The taxpayers, an affluent couple with a home valued at about $4 million located on Lake Minnetonka, initially were reverse snowbirds, moving here from Florida in 1999. While they were Florida domiciliaries, they continued to maintain a home in Minnesota and spent a substantial amount of time here until mid-2007, when they re-established their domicile in this state. When they filed their tax returns in 2007, they claimed part-year resident status, which prompted an audit by the commissioner of revenue and led to the commissioner’s determination that they constitute full year residents of the state under the definition of “resident” in Minn. Stat. § 290.01, subd. 7(b). As a result, the couple’s total income was allocated for the full year to Minnesota, resulting in additional income taxes, penalty, and interest of more than $600,000.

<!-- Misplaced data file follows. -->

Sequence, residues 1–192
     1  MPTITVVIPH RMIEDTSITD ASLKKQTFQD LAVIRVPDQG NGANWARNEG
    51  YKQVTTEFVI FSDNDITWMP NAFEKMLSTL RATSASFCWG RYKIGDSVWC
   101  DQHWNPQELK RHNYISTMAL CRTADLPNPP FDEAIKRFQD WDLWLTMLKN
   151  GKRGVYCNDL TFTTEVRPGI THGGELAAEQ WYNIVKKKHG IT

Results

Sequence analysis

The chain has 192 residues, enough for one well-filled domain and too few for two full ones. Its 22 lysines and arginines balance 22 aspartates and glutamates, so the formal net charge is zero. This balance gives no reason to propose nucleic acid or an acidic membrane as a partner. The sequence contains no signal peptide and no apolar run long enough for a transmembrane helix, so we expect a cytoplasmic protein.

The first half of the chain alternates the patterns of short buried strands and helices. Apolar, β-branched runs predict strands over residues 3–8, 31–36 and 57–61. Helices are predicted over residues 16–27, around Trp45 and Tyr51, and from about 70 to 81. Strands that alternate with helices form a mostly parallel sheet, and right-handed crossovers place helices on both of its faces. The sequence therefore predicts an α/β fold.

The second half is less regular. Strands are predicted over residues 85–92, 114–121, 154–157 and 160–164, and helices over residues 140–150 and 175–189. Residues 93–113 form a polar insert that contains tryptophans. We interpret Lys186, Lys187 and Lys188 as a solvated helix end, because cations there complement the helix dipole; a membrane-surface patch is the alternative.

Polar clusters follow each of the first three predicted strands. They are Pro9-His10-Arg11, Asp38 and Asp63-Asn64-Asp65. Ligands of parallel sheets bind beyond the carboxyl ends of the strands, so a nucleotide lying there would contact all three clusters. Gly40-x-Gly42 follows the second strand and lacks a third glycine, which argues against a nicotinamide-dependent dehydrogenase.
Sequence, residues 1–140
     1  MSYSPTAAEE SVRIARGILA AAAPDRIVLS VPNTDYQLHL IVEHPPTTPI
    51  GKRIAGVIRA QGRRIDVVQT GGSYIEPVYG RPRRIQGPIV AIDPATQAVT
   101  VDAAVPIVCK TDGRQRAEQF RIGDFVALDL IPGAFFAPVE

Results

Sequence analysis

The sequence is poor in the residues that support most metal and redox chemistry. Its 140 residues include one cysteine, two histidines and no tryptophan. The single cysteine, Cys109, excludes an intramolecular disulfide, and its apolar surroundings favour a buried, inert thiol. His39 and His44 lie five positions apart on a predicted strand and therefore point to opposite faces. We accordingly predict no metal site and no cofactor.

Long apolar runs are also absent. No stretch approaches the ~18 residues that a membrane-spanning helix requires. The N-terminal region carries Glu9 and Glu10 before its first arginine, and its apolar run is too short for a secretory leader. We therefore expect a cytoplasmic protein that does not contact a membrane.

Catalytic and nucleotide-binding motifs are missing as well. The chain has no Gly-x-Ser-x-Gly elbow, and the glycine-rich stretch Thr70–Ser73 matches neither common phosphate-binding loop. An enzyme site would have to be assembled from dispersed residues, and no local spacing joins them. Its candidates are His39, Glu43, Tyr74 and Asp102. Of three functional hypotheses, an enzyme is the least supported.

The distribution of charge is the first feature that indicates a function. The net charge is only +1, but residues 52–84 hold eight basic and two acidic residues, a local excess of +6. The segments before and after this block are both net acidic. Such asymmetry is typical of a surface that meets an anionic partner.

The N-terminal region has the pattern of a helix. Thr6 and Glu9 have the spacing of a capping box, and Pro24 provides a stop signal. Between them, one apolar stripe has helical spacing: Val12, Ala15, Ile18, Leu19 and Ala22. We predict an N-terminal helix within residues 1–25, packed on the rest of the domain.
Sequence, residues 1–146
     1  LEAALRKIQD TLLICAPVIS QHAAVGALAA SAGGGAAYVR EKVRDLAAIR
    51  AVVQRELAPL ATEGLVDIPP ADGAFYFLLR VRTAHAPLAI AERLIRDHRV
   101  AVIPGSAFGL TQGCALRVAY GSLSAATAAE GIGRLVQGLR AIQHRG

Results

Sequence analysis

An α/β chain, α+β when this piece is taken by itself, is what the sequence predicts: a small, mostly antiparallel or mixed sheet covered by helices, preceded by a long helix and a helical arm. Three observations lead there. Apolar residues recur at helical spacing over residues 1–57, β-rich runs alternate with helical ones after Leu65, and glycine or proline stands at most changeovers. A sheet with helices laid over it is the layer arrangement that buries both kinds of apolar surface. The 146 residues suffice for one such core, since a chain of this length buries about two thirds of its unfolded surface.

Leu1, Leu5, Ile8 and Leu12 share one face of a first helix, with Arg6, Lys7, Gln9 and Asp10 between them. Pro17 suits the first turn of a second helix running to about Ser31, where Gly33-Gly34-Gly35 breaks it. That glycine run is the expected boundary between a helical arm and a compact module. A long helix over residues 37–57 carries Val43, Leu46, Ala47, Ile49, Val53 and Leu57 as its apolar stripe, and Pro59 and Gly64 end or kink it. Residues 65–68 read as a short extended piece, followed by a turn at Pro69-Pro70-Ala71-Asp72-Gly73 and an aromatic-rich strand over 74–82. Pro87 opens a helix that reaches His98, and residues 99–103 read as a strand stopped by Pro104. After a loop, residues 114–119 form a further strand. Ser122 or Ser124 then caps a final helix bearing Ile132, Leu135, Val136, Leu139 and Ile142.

But the Tax Court disagreed, holding that the couple could not be treated as “full year” residents because they spent fewer than 183 days in Minnesota, less than half the year, prior to becoming domiciled here, and that the only days that could be aggregated for purposes of determining their residency here are the time spent in Minnesota while domiciled outside the state. As a result, their back taxes were reduced to about $271,000, leaving approximately $380,000 in dispute.